Cleveland may not be the maid of honor, but it’s certainly part of the bridal party in Jenny’s Wedding. The Katherine Heigl film, shot here in fall 2013 and set to debut in select theaters nationwide July 31, uses familiar settings such as the 5th Street Arcade and Zagara’s Marketplace in Cleveland Heights as the backdrop to a conflict between suburban ideals and modern reality.
As Jenny, Katherine Heigl is a compassionate woman who, after years of locking the truth underneath a layer of dutiful daughter platitudes, decides it is finally time to come out to her parents and marry the woman they thought was her roommate. Her father and mother, played by Tom Wilkinson and Linda Emond, are stunned, their selfish misconceptions about their gay daughter molded by suburban fear: What will the neighbors think?
Filmed throughout the city in fall 2013, Jenny’s Wedding suffered a bumpy post-production ride involving an Indiegogo fundraising campaign that led to its world premiere July 10 at Outfest Los Angeles. Cleveland is a very visible backdrop to this family drama, hosting a rousing, self-aware speech in the Arcade by Jenny and a confrontational outburst from Jenny’s mother directed at the neighborhood busybodies in Zagara’s. It also contributes to golden moments of comic relief, including one earnest debate over the virtues of taking Interstate 90 versus Carnegie Avenue after 4:30 p.m. on a weekday. While same-sex marriage was not legal in Ohio until long after filming, the issue is — somewhat prophetically — left untouched.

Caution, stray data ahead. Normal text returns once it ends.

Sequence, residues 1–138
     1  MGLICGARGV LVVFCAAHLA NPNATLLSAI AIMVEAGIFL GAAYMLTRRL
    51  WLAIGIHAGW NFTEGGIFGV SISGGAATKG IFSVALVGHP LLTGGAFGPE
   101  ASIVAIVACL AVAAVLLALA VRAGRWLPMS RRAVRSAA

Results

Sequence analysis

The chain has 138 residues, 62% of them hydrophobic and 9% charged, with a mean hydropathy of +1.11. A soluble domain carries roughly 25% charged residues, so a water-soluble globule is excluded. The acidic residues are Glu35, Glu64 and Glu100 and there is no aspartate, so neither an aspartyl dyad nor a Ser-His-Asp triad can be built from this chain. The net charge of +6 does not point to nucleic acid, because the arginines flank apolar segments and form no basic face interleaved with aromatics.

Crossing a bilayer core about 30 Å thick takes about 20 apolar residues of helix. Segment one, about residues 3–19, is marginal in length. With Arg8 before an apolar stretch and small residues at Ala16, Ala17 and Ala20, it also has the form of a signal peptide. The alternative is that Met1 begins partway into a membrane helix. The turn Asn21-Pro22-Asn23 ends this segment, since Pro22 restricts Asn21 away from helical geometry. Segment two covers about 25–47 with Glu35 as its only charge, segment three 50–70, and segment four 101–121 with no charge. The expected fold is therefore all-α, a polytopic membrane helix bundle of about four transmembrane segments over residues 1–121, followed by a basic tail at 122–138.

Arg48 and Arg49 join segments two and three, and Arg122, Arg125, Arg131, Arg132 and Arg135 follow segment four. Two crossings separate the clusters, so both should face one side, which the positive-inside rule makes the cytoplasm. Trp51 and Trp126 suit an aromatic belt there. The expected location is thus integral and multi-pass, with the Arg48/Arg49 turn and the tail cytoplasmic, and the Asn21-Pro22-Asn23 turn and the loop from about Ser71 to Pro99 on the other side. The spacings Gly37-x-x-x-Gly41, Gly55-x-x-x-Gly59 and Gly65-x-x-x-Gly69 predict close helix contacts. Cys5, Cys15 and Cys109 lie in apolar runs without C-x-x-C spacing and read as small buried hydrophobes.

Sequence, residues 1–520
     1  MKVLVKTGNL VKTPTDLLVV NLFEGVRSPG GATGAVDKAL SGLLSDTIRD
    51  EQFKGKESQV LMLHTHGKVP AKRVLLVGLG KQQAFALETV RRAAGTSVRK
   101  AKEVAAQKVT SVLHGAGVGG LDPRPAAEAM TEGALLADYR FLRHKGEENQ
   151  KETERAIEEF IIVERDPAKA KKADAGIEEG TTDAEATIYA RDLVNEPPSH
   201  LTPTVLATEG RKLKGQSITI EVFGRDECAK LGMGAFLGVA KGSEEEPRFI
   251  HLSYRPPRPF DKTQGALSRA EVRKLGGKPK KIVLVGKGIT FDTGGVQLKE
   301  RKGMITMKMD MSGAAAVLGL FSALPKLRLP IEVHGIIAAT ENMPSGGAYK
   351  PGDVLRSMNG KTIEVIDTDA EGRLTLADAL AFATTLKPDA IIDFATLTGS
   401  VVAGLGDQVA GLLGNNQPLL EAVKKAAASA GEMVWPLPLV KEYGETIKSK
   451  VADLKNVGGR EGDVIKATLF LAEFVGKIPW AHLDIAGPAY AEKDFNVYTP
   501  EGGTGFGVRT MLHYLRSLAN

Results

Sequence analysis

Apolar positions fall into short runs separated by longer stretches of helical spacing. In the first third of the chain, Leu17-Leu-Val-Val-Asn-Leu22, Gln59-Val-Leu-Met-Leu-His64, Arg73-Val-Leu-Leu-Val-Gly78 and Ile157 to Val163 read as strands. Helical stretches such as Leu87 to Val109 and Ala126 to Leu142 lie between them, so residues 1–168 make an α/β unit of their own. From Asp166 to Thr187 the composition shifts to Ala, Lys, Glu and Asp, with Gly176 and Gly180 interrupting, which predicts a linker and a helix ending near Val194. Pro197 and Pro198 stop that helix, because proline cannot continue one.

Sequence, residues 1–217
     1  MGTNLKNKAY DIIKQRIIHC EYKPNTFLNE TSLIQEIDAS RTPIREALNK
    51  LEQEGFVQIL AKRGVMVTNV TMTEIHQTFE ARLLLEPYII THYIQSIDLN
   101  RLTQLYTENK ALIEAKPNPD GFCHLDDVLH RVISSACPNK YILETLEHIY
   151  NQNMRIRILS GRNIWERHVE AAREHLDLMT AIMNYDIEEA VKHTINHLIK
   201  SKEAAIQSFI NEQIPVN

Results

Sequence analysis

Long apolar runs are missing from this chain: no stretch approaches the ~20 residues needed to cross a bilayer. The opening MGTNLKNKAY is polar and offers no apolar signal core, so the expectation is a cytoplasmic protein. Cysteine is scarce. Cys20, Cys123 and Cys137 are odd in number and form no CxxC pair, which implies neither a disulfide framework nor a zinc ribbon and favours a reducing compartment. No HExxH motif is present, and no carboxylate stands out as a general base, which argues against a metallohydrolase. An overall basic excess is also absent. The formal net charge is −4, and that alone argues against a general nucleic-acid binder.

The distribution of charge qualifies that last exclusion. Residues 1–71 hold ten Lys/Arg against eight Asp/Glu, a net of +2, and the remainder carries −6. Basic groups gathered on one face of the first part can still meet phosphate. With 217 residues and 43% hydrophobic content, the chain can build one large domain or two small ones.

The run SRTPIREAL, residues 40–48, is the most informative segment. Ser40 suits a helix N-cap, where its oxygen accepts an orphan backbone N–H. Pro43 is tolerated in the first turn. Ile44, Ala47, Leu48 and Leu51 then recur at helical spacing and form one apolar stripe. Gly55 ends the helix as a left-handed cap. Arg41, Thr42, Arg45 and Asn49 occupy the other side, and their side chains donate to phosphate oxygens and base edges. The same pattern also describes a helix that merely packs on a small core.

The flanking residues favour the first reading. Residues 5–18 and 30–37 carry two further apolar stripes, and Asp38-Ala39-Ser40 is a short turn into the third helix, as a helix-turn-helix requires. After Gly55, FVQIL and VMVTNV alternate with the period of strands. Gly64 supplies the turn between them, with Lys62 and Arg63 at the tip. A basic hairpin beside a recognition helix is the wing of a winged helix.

Jenny’s Wedding is neither extreme in its message nor gaudy in its execution. And although the music may rise a bit overdramatically at poignant moments and the wedding finale may put the pieces together a bit too perfectly, the film is nuanced, relatable and gritty. Jenny’s family could be anyone’s family. // Sarah Rense